The Good Dinosaur is an odd film in Pixar’s canon before it even opens. Originally slated to open last year, the film was pushed back and the reigns were passed from Bob Peterson (Up) to Peter Sohn (Partly Cloudy). Although that meant moving the project from one Pixar veteran to another, the film was going in a new direction.
I’ll have more details on the film’s transformation and final product closer to release, but right now I wanted to share with you what I saw when I went to Pixar last week and watched about half an hour from the movie. What they showed my fellow reporters and me was finished footage, but it was also from the middle of the film. We didn’t get the opening scene or anything like that. We were dropped right into the raging river alongside poor little Arlo, the eponymous Good Dinosaur.
In its broad strokes, Good Dinosaur is a “boy and his dog” story set on the frontier in a world where the meteor never wiped out dinosaurs. The twist is that the boy is a dinosaur and the dog is a boy, specifically, six-year-old Spot, who doesn’t talk, but does pant, sit, scratch, etc. Arlo was aged down for Sohn’s taken on the movie. He’s about 11-years-old, and he’s very scared even before the river takes him away from his family and into the wilderness.
That’s right: The Good Dinosaur is yet another “Road Trip” Pixar movie joining the ranks of Toy Story, Up, and Inside Out along with parts of Toy Story 2 and Finding Nemo. For Arlo, he needs to follow the river back to his home of Clawtooth Mountain, and Spot is there to help.
The stuff between Arlo and Spot is predictably adorable, although it bucks the traditional “boy and his dog” story by having Arlo wanting to get rid of Spot at first, and then discovering that he needs Spot’s hunting and tracking skills in order to survive. As the two bond, I imagine the film will absolutely tear at the heartstrings, especially the scene we saw where they wordlessly recount what happened to their respective families.
In the footage we also meet a crazy triceratops (who had the best joke in the presentation, which I won’t spoil here) along with a trio of T-Rexes who are “ranchers” whereas Arlo and his family of herbivore apatosauruses are “farmers”. Sohn really took to the notion of framing the story as a western, and while there aren’t sheriffs or saloons, one of the most striking images from the footage I saw is when the T-Rexes are trying to round up their herd, and they don’t run like we expect them to. The upper part of their body remains stiff, and the movement evokes a cowboy on a horse rather than an animal that’s running after other animals.
How Good Dinosaur ultimately interacts with reality is what captured me the most. When it comes to the characters, Pixar isn’t going for realism. You can see from the trailers and images that Arlo and Spot look cartoonish, and that’s intentional. It makes them more expressive, and it gave Pixar more leeway in contracting their position on the frontier. Arlo may be a speck in the forest, but he’s a cute speck.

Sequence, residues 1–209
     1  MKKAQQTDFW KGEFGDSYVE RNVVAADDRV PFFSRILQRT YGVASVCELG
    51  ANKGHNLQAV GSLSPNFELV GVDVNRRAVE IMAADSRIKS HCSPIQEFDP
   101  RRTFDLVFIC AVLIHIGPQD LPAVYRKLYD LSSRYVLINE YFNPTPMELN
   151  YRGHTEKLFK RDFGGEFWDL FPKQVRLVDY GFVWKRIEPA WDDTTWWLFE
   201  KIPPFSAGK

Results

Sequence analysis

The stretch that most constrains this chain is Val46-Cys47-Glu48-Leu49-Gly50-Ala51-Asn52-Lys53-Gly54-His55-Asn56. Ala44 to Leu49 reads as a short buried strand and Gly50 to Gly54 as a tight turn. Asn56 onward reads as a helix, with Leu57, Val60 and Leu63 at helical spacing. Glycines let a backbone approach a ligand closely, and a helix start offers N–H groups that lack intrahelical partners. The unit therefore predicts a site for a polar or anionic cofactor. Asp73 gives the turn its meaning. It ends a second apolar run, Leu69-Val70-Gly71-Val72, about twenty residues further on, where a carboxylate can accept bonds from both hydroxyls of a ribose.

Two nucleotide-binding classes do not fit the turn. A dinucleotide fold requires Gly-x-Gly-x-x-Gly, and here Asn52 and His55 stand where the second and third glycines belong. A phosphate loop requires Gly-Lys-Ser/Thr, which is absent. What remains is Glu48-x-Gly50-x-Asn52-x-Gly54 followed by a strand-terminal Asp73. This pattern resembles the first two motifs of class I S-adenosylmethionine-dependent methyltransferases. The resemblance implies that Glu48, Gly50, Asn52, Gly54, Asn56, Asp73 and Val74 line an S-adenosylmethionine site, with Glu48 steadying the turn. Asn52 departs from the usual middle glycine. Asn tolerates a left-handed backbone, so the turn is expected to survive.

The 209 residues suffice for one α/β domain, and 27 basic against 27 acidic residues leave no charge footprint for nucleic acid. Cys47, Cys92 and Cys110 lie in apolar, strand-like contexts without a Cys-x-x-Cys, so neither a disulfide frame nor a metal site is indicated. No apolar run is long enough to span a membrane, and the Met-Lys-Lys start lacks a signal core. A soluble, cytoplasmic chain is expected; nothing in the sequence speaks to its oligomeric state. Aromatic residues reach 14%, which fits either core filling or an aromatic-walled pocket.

It’s the frontier where things get crazy. On a technical level, The Good Dinosaur blows away everything else Pixar has ever done. The realism is astounding, and it feels like nature is another character. It’s an antagonist for Arlo (especially early in the footage we saw where he really takes a beating from the elements), and it also highlights how small he is even though he’s an 18-foot-tall dinosaur. While lots of Pixar movies are about world building, Good Dinosaur feels like a recreation that has stripped away people and dwarfed its characters.
Which left me feeling ambivalent about what I saw. I can’t deny that it’s gorgeous, but it’s also oddly desolate. Westerns that highlight the frontier tend to make that frontier feel majestic and overpowering. The Good Dinosaur takes that environment and makes it feel lonely. We’re lost in the woods, but those woods are also beautiful, so we’re at odds with nature that’s both comforting and oppressive. Tonally, that makes for a very bizarre movie that’s desperately clinging to the chemistry between a dinosaur and a young boy.
What’s also notably absent from the footage I saw was humor. The odd triceratops gets some good laughs, but because The Good Dinosaur has so few characters and takes place away from a well-defined society like WALL-E or Monsters, Inc., there’s not a lot of room for jokes. That’s not to say the movie won’t be funny, but I was rarely laughing during what I saw, and while Pixar is under no obligation to fill their movies with jokes, the lack of humor made Good Dinosaur feel like even more of an odd duck in the studio’s filmography.
But perhaps it will fit in better when I see the finished feature. That’s the problem when you only see a chunk of footage out of context from the rest of the picture. There’s a reason we start watching movies at the beginning as opposed to 20 or 30 minutes into the total runtime. So let me be clear: I have no judgment on The Good Dinosaur; only on this brief collection of footage, which may not have had me sold, but certainly had me curious.
The Good Dinosaur opens November 25th. Look for more from my visit to Pixar closer to the film’s release date.